“We are happy to welcome eligible male spouses of veterans and servicemembers to the American Legion Family,” ALA National President Nicole Clapp said. “This is consistent with our longstanding legacy of embracing military families and supporting them any way we can.”
The ALA expects to begin taking applications for new potential members Sept. 1.
The change to Article XIII now reads as such:
The American Legion recognizes an auxiliary organization, known as The American Legion Auxiliary.
Membership in The American Legion Auxiliary shall be limited to the:
(1) grandmothers, mothers, sisters, spouses, and direct and adopted female descendants of members of The American Legion; and
(2) grandmothers, mothers, sisters, spouses, and direct and adopted female descendants of all men and women who served in either of the following periods: April 6, 1917, to November 11, 1918, and any time after December 7, 1941, who, being a citizen of the United States at the time of their entry therein served on active duty in the Armed Forces of any of the governments associated with the United States during either eligibility periods and died in the line of duty or after honorable discharge;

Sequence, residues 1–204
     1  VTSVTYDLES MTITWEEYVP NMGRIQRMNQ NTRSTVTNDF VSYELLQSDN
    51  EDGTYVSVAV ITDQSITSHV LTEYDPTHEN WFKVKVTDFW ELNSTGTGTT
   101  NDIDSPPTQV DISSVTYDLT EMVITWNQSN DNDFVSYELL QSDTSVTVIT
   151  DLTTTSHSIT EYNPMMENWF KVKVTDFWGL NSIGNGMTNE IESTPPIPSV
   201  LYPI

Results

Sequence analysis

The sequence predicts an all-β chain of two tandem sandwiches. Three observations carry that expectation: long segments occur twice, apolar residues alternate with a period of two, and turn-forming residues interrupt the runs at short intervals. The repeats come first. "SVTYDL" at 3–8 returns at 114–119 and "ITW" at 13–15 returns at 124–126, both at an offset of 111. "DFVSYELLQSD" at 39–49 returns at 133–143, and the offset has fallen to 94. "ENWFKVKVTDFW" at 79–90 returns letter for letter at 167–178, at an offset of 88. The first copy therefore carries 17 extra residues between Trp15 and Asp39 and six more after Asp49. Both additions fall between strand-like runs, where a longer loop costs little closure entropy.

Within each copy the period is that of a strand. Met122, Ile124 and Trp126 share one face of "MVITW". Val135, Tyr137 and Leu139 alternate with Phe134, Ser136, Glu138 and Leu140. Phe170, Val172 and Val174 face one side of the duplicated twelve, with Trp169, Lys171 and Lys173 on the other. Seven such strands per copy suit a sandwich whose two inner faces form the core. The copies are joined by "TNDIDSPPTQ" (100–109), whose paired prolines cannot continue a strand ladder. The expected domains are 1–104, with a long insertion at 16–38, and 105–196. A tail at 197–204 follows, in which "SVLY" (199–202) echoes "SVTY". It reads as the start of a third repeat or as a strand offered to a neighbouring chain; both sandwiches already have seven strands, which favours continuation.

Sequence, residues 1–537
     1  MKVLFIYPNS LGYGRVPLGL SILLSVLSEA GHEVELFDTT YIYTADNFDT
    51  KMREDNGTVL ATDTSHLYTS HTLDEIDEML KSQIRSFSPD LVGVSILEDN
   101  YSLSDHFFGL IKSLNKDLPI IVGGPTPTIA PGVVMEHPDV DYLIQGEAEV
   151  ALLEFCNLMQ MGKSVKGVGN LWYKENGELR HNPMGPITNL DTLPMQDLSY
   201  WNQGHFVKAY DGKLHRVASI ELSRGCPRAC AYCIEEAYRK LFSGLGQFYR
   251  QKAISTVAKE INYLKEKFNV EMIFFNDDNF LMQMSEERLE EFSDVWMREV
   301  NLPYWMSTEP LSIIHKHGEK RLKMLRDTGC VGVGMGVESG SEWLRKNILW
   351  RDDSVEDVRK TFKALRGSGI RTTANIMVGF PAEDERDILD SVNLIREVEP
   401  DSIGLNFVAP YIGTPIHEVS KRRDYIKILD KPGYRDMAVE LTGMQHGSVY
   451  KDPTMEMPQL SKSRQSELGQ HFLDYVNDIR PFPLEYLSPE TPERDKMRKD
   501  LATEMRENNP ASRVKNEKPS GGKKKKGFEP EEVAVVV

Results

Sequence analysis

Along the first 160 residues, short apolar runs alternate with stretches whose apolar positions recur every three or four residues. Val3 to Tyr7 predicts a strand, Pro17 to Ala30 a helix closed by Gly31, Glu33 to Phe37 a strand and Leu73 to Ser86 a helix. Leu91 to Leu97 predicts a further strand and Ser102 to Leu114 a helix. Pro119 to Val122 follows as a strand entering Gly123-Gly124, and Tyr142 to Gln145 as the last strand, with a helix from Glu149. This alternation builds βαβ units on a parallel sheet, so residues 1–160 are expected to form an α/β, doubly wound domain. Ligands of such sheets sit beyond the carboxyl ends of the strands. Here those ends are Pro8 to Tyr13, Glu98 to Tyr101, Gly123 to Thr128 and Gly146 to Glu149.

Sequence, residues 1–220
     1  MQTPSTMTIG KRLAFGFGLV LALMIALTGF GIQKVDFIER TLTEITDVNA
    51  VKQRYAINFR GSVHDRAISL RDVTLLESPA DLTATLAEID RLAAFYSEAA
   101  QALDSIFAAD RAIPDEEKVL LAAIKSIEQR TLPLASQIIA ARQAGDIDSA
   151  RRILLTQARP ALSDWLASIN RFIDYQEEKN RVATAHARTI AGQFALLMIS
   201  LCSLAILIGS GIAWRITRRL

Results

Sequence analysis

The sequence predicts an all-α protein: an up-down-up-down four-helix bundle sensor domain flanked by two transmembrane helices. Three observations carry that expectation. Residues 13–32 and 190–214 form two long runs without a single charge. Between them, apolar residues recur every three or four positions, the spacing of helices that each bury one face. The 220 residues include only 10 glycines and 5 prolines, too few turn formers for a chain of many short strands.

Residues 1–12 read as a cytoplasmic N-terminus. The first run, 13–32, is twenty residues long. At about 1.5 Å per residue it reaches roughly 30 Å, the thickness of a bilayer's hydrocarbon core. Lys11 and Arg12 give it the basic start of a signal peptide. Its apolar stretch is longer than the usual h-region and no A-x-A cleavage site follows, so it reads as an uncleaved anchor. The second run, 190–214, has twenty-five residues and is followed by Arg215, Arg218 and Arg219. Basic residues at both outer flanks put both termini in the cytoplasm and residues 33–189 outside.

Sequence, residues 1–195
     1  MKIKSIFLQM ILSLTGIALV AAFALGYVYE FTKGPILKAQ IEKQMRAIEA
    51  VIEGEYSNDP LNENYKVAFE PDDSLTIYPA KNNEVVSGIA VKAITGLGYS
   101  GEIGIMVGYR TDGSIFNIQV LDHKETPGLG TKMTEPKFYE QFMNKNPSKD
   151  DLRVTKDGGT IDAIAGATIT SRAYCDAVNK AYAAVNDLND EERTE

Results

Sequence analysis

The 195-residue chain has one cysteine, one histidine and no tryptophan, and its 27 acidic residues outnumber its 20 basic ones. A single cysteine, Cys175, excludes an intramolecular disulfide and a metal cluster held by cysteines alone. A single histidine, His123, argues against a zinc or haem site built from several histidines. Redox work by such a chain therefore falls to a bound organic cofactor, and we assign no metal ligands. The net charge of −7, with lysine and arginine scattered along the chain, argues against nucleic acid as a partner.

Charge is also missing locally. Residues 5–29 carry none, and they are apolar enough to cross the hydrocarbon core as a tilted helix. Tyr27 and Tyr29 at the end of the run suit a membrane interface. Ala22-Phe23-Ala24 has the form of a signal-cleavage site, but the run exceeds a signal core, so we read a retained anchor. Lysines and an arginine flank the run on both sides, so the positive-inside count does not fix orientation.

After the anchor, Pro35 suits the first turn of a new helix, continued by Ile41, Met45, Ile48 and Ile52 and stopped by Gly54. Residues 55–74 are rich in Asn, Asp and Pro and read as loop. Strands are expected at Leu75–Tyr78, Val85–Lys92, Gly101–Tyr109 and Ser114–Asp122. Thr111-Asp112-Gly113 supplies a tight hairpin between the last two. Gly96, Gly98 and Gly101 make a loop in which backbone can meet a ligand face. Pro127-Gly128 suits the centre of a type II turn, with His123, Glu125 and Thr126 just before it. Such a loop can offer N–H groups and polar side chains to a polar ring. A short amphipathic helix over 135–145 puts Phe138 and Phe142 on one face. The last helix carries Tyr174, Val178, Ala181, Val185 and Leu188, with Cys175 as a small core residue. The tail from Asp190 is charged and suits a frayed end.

(3) grandmothers, mothers, sisters, spouses, and direct and adopted female descendants of all men and women who were in the Armed Forces of the United States during either of the following periods: April 6, 1917, to November 11, 1918; and any time after December 7, 1941 who served on active duty in the Armed Forces of the United States during either eligibility periods and died in the line of duty or after honorable discharge; and
(4) to those women who of their own right are eligible for membership in The American Legion.